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Swiss study says organic farming is realistic alternative

The organic test fields.


In one of the longest-running studies of its kind, Swiss scientists have demonstrated the efficiency of organic farming methods.

Full results, published for the first time after 21 years of research, show that organic yields are 20 per cent smaller on average than those from conventional agriculture but that the ecological benefits more than make up for the difference.

Organic crops, which do not use synthetic fertilizers or pesticides, proved more efficient users of energy and resulted in healthier soils.

The scientists from the research institute of organic agriculture (FiBL) in Frick and the Swiss federal research station for agroecology and agriculture, in Zürich-Reckenholz, concluded that organic production is a viable alternative to conventional ways of farming.

The findings appear in Science magazine although FiBL released a summary of the results two years ago.

Identical conditions

The team led by Paul Mäder compared plots of cropland grown according to organic and conventional methods.

At Therwil near Basel, they grew potatoes, barley, winter wheat, beets and grass clover under the same soil and climatic conditions. Crop rotation, varieties and tillage were also the same.

During the study period, they compared normal organic production, another organic approach called biodynamic farming, based on the environmental philosophies of Rudolph Steiner, and two conventional farming methods.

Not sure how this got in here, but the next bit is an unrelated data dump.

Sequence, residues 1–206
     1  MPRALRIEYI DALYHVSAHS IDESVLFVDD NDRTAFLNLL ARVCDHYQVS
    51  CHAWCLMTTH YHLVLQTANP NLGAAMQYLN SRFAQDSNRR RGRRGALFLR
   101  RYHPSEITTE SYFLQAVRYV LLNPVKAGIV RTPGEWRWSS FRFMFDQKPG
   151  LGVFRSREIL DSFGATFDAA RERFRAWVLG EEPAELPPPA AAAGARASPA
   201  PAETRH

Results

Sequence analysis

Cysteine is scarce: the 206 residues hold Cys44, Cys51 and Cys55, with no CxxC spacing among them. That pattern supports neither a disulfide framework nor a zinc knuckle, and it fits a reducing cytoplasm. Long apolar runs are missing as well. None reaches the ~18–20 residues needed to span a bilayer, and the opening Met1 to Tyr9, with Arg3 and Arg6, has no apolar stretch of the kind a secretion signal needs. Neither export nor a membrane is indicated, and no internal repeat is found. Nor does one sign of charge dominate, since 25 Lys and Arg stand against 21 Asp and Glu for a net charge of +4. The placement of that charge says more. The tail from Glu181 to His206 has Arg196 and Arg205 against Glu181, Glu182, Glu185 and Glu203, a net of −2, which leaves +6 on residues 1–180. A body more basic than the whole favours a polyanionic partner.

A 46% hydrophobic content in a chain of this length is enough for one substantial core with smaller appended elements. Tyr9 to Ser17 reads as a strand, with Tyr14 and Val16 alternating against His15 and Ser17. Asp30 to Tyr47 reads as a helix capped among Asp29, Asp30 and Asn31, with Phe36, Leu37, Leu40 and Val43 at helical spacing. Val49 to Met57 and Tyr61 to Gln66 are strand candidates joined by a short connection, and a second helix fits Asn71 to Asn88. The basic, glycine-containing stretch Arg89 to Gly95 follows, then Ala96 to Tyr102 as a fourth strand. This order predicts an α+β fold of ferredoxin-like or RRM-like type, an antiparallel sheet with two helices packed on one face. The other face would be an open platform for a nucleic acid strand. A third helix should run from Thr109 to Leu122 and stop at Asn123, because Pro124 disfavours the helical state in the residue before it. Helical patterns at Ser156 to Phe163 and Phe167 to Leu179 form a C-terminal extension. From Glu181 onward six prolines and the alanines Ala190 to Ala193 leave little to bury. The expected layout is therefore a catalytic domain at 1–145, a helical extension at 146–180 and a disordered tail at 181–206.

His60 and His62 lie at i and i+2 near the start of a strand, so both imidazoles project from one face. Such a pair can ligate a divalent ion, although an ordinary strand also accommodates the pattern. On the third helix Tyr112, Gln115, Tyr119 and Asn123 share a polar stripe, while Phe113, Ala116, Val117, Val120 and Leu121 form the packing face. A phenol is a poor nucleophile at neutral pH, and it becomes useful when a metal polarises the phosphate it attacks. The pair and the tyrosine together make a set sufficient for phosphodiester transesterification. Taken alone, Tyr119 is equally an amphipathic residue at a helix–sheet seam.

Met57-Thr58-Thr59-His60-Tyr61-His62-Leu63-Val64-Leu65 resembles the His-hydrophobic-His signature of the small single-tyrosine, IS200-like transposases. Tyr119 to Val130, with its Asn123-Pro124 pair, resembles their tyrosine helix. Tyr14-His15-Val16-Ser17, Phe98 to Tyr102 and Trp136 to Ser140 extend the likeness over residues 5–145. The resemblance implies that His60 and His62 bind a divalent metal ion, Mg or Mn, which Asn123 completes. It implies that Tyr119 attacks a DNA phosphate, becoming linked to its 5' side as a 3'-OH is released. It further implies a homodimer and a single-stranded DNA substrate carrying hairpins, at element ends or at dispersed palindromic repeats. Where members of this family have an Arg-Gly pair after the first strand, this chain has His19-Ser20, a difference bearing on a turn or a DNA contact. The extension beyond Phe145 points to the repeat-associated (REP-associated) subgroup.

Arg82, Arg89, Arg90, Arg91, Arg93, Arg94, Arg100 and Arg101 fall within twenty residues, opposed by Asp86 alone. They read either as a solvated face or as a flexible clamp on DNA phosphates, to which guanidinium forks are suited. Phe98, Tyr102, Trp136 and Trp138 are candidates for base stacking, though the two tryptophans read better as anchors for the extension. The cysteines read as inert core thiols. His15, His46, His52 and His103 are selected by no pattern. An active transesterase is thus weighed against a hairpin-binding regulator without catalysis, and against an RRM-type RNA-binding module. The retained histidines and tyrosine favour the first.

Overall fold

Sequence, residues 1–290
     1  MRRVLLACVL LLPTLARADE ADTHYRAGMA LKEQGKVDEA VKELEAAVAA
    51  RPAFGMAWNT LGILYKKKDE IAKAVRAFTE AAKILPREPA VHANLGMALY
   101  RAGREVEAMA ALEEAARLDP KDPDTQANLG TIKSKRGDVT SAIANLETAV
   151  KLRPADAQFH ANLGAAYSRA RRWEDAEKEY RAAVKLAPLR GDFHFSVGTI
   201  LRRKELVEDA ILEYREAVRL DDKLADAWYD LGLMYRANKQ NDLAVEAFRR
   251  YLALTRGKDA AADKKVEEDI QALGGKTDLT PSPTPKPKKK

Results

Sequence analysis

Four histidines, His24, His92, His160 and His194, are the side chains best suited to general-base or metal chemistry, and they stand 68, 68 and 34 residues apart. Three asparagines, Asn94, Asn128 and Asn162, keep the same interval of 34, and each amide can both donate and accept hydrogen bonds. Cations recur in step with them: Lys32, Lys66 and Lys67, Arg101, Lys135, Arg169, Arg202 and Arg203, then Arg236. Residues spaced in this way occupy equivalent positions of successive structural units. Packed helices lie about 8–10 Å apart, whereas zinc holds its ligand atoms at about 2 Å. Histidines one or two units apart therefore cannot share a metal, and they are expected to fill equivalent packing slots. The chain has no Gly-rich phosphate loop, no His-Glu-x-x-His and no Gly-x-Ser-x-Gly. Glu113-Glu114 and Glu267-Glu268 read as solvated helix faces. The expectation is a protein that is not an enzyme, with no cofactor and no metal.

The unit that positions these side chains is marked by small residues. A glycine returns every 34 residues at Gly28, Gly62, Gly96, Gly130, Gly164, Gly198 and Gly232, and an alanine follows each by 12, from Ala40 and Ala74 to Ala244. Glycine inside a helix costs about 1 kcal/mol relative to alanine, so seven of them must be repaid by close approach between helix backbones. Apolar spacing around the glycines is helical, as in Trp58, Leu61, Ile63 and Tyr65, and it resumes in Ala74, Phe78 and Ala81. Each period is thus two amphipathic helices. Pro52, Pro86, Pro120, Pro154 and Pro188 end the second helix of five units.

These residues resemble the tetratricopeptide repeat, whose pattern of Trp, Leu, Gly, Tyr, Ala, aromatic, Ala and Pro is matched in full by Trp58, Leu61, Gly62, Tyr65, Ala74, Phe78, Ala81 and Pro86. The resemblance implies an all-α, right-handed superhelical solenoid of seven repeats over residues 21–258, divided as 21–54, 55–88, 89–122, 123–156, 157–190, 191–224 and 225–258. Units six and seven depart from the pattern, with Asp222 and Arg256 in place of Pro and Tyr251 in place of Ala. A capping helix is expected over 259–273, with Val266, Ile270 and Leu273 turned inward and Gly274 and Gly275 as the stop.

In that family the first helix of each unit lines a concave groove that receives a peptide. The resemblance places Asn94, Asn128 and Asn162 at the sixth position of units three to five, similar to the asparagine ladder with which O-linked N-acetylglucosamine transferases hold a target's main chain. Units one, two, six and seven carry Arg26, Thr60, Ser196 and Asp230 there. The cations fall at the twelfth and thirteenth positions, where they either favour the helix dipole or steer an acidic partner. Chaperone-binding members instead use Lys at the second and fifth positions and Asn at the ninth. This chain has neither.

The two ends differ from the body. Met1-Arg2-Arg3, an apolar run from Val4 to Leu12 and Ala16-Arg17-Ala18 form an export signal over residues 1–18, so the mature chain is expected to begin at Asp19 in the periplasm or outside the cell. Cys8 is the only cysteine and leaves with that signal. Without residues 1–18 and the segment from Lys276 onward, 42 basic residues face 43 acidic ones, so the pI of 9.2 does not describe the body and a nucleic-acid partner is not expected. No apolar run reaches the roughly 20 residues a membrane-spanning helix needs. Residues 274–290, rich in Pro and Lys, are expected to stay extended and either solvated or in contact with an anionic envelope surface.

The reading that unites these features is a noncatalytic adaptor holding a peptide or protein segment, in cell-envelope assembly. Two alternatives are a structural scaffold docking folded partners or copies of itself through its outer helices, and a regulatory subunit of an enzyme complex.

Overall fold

One of these used mineral fertilisers and farmyard manure; the other did not use manure.

Organic efficiency

Although expenditure on fertilisers and energy was halved and pesticide use was 97 per cent lower, yields of organic crops over the study period were only 20 per cent below the average.

Overall the organic systems were able to produce more with less energy and fewer resources, the researchers reported.

"These results should be encouraging for farmers because they can see that yields are stable over time, and that soil fertility has increased," said Mäder.

The scientists also found that the organic soils housed a larger and more diverse community of organisms.

These include soil microbes, which govern the nutrient cycling reactions in soils, and mycorrhizae, root-colonizing fungi that help plants absorb the nutrients. These fungi were also at least partly responsible for the more stable physical structure of the organic soils, the researchers said.

Trial continues

Insects, along with pest-eating spiders and beetles, were almost twice as abundant and more diverse, and the scientists also recorded a greater presence of earthworms. The weed flora was also more diverse in the organic systems, including some specialized and endangered species.

"Our results suggest that, by enhancing soil fertility, organic farmers can help increase biodiversity," said Mäder.

The researchers also found that organic soils decomposed more efficiently. This is an important feature of fertile soil, Mäder explained, because the process releases nutrients and carbon to be used by the plants and microbes.

The research was funded by the Swiss Federal Office for Agriculture and the Swiss National Science Foundation. Although researchers have already published some results, the study is set to continue for at least the next four years.


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